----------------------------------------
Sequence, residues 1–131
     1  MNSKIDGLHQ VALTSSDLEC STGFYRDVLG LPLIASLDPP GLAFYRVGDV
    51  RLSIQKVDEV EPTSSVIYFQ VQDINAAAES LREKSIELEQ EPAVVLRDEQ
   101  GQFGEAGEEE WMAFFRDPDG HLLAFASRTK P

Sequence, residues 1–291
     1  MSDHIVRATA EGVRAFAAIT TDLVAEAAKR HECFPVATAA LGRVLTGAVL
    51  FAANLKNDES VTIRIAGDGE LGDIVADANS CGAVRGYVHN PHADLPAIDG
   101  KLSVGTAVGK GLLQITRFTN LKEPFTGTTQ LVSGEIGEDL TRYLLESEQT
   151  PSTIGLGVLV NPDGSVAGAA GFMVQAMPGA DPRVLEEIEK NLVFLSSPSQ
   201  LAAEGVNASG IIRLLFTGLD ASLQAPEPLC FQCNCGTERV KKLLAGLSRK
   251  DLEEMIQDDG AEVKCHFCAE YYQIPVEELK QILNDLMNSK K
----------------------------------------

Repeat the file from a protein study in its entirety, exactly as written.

Sequence, residues 1–131
     1  MNSKIDGLHQ VALTSSDLEC STGFYRDVLG LPLIASLDPP GLAFYRVGDV
    51  RLSIQKVDEV EPTSSVIYFQ VQDINAAAES LREKSIELEQ EPAVVLRDEQ
   101  GQFGEAGEEE WMAFFRDPDG HLLAFASRTK P

Sequence, residues 1–291
     1  MSDHIVRATA EGVRAFAAIT TDLVAEAAKR HECFPVATAA LGRVLTGAVL
    51  FAANLKNDES VTIRIAGDGE LGDIVADANS CGAVRGYVHN PHADLPAIDG
   101  KLSVGTAVGK GLLQITRFTN LKEPFTGTTQ LVSGEIGEDL TRYLLESEQT
   151  PSTIGLGVLV NPDGSVAGAA GFMVQAMPGA DPRVLEEIEK NLVFLSSPSQ
   201  LAAEGVNASG IIRLLFTGLD ASLQAPEPLC FQCNCGTERV KKLLAGLSRK
   251  DLEEMIQDDG AEVKCHFCAE YYQIPVEELK QILNDLMNSK K